This application of the Sieve of Erasthotenes finds 100_000 primes in 3 seconds (and then takes 6 seconds to print them on the screen), so it is pretty fast.

    CountZero

    A program should be light and agile, its subroutines connected like a string of pearls. The spirit and intent of the program should be retained throughout. There should be neither too little or too much, neither needless loops nor useless variables, neither lack of structure nor overwhelming rigidity." - The Tao of Programming, 4.1 - Geoffrey James

      Very nice!

      But say sprintf"...", and not printf"...\n"? Just curious.

        I like say, no other reason.

        CountZero

        A program should be light and agile, its subroutines connected like a string of pearls. The spirit and intent of the program should be retained throughout. There should be neither too little or too much, neither needless loops nor useless variables, neither lack of structure nor overwhelming rigidity." - The Tao of Programming, 4.1 - Geoffrey James

Re: performance of perl vs java
by repellent (Priest) on Oct 30, 2011 at 05:10 UTC
    Perl is a great language to learn, and I hope you'd remain around on PerlMonks to see the cool things you could do with it. It's usually fast enough, but more importantly, it's highly "optimized" for programmer effort such that you can get more done with minimal coding.

    Performance comparisons between two language implementations is hard to get right. You need to know the intricacies of both languages to avoid an apples vs oranges comparison.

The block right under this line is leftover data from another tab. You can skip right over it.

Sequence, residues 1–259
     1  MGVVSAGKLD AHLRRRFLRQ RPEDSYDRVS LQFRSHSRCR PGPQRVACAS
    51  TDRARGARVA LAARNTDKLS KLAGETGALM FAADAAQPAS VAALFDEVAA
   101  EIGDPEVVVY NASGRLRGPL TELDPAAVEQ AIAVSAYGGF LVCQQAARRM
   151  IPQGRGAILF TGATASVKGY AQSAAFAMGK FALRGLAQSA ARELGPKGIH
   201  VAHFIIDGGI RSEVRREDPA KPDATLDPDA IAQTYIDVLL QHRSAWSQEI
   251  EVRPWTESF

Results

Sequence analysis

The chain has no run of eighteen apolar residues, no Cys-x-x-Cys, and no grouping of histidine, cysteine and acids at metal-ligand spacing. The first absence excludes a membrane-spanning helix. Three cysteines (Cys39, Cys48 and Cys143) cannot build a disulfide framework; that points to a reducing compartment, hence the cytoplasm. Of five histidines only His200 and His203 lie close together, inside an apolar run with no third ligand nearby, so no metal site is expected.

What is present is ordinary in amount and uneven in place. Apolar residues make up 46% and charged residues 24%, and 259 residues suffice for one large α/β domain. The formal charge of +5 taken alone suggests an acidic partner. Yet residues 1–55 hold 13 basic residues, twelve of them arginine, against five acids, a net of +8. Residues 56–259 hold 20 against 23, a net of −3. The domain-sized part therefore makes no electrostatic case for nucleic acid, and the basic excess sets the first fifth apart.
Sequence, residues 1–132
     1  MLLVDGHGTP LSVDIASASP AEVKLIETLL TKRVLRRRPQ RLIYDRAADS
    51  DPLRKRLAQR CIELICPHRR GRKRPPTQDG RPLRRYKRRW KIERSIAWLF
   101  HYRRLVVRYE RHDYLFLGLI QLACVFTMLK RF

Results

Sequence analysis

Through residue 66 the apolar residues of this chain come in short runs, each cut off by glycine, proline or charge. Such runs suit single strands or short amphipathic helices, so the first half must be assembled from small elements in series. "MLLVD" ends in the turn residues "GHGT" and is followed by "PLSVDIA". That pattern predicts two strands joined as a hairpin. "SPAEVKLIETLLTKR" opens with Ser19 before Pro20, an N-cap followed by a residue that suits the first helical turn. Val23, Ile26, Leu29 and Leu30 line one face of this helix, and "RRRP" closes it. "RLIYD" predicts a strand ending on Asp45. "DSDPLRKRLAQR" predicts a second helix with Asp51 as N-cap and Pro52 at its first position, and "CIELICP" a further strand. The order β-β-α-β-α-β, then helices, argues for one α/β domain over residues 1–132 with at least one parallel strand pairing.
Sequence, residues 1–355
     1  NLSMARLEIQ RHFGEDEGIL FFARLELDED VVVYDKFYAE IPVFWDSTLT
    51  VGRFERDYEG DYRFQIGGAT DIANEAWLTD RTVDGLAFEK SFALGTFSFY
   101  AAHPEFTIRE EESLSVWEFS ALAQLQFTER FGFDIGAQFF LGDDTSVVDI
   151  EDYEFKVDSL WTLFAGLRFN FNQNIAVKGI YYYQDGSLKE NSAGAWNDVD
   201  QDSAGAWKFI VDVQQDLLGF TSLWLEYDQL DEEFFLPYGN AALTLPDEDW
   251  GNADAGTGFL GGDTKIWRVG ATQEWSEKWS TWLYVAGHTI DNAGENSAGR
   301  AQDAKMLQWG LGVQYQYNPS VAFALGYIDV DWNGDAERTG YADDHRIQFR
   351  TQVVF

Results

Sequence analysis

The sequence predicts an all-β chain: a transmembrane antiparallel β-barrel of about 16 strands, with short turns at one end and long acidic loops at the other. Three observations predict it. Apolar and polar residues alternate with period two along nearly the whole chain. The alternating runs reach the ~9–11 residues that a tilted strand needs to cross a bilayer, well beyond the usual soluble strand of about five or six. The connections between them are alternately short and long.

Here's a different Perl implementation that runs a lot faster on crappy hardware. Rehashing merlyn's article, I got the following code, which uses core Perl features only, to find all primes <= 3_000_000 (216816 total) in 9 secs:
    timethis for 1: 9 wallclock secs ( 7.64 usr + 1.22 sys = 8.86 CPU) +@ 0.11/s (n=1)

    This is run on FreeBSD vmware (256MB RAM) on an 8 year-old Athlon XP.


    Update: Added preamble for OP.

      awesome, well-thought, well-worded post

      What!? You're not a repellent at all, repellent!

      But this will find 3,000,000 over six times in a second:

      use strict; use warnings; use feature 'say'; use Benchmark qw/timethis/; use Inline 'C'; my $search_to = 3000000; timethis -10, \&eratos_inline_c; # Thin wrapper to bind input params for the benchmark. sub eratos_inline_c { return @{inline_c_pa_eratos_primes( $search_to )}; } __DATA__ __C__ /* Find all primes up to 'search_to' using the Sieve of Eratosthenes. +*/ AV * inline_c_pa_eratos_primes ( int search_to ) { AV* av = newAV(); int* primes = 0; int i; Newx( primes, search_to + 1 , int ); if( ! primes ) croak( "Failed to allocate memory.\n" ); for( i = 0; i <= search_to; i++ ) primes[i] = 1; for( i = 2; i * i <= search_to; i++ ) { if( primes[i] ) { int j; for( j = i; j * i <= search_to; j++ ) primes[ i * j ] = 0; } } for( i = 2; i <= search_to; i++ ) { if( primes[i] == 1 ) av_push( av, newSViv( i ) ); } Safefree( primes ); return sv_2mortal( av ); }

      Dave

        Thanks for the Inline C approach. That showcases one of Perl's strengths: to be able to dive down lower-level to C (via XS) and glue it back to Perl-land if we need the extra performance, all with minimal effort.

        I'm curious - how long does my Perl primes(3_000_000) take on your machine?

        Also, what are your machine specs?